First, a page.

Termination of damaged protein repair defines the occurrence of symptoms in carriers of the m.3243A>G tRNALeu mutation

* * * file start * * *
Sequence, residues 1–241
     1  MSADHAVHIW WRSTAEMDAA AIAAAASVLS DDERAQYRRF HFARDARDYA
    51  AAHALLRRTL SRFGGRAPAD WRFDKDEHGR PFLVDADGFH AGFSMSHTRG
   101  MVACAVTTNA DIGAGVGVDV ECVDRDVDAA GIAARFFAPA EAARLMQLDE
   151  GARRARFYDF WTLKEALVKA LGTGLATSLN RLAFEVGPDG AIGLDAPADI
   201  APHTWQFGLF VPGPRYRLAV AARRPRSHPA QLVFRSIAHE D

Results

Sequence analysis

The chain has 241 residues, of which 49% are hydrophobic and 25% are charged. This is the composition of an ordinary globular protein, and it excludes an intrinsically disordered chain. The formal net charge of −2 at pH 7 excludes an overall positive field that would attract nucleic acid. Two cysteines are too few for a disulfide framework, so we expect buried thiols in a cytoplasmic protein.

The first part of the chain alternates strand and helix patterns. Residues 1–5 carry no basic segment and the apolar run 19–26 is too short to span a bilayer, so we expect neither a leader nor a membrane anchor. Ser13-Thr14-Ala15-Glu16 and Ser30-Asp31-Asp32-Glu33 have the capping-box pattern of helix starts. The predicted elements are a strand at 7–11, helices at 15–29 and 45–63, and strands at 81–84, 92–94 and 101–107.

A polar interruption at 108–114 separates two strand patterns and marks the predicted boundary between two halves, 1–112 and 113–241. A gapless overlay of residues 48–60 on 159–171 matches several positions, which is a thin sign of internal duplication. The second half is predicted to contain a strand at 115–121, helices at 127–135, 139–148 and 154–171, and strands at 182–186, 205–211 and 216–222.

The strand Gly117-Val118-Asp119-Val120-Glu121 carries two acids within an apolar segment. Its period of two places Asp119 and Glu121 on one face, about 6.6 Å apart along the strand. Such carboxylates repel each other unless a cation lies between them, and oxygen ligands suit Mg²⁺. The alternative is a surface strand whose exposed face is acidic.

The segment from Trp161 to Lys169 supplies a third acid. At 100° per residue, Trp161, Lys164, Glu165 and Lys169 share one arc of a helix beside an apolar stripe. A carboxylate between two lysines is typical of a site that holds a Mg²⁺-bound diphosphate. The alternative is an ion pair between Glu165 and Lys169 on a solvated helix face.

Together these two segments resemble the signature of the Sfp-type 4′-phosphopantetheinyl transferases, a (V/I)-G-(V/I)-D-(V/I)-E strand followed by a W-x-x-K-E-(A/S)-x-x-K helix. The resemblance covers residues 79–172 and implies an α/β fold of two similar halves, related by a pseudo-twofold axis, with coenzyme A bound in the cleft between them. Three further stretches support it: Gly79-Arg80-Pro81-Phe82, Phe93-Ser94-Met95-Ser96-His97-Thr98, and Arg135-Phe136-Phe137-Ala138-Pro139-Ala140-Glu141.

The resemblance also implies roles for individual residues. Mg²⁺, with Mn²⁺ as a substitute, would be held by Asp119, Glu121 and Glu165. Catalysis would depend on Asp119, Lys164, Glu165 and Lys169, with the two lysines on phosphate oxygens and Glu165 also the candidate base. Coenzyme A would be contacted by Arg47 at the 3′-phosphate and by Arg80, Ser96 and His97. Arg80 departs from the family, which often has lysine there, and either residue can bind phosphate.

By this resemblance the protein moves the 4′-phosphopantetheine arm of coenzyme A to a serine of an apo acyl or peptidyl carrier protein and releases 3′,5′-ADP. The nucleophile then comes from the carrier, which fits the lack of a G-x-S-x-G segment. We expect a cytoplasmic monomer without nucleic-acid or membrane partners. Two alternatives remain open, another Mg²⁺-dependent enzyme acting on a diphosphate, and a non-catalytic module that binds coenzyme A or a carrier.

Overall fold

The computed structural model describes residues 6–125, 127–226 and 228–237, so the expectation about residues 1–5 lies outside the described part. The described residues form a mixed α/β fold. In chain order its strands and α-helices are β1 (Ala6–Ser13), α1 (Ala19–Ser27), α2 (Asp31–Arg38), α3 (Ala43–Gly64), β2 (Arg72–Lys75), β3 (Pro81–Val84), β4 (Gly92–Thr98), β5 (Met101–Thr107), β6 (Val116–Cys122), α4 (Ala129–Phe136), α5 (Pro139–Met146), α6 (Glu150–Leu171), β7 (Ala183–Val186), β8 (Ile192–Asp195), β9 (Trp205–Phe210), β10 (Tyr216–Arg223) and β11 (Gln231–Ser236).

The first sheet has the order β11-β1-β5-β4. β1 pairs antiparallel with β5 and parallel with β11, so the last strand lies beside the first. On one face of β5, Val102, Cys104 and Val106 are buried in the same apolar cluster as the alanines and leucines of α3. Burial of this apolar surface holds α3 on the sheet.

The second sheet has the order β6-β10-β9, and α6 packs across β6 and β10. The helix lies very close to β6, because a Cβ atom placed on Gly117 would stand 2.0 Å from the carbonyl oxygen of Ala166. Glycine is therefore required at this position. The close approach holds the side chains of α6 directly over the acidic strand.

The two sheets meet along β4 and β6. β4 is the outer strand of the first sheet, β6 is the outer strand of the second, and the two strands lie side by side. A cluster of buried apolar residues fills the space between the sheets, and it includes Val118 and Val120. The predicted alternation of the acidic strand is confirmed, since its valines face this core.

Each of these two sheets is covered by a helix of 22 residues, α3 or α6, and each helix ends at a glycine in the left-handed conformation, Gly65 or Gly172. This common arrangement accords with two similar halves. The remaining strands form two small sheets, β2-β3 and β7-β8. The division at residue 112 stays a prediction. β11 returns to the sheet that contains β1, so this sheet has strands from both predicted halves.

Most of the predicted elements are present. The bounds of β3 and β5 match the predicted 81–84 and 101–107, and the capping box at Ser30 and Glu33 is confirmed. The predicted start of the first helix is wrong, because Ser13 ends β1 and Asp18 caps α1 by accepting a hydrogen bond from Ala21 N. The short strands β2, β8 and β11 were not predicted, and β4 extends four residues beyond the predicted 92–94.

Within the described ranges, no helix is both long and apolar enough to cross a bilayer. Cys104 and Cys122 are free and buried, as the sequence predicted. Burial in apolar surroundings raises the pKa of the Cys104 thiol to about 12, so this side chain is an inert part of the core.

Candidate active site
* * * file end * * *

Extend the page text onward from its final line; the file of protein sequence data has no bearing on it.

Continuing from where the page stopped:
Background: The m.3243A>G mutation in the mitochondrial tRNALeu(UUR)gene is an example of a mutation causing a very heterogeneous phenotype. It is the most frequent cause (80%) of the MELAS syndrome (mitochondrial myopathy, encephalopathy, lactic acidosis and stroke-like episodes), but it can also lead in addition or separately to type 2 diabetes, deafness, renal tubulopathy and/or cardiomyopathy. Methods: To identify pathogenic processes induced by this mutation, we compared global gene expression levels of muscle biopsies from affected and unaffected mutation carriers with controls. Results and conclusions: Gene expression changes were relatively subtle. In the asymptomatic group 200 transcripts were upregulated and 12 were downregulated, whereas in the symptomatic group 15 transcripts were upregulated and 52 were downregulated. In the asymptomatic group, oxidative phosphorylation (OXPHOS) complex I and IV genes were induced. Protein turnover and apoptosis were elevated, most likely due to the formation of dysfunctional and reactive oxygen species (ROS) damaged proteins. These processes returned to normal in symptomatic patients. Components of the complement system were upregulated in both groups, but the strongest in the symptomatic group, which might indicate muscle regeneration - most likely, protein damage and OXPHOS dysfunction stimulate repair (protein regeneration) and metabolic adaptation (OXPHOS). In asymptomatic individuals these processes suffice to prevent the occurrence of symptoms. However, in affected individuals the repair process terminates, presumably because of excessive damage, and switches to muscle regeneration, as indicated by a stronger complement activation. This switch leaves increasingly damaged tissue in place and muscle pathology becomes manifest. Therefore, the expression of complement components might be a marker for the severity and progression of MELAS clinical course.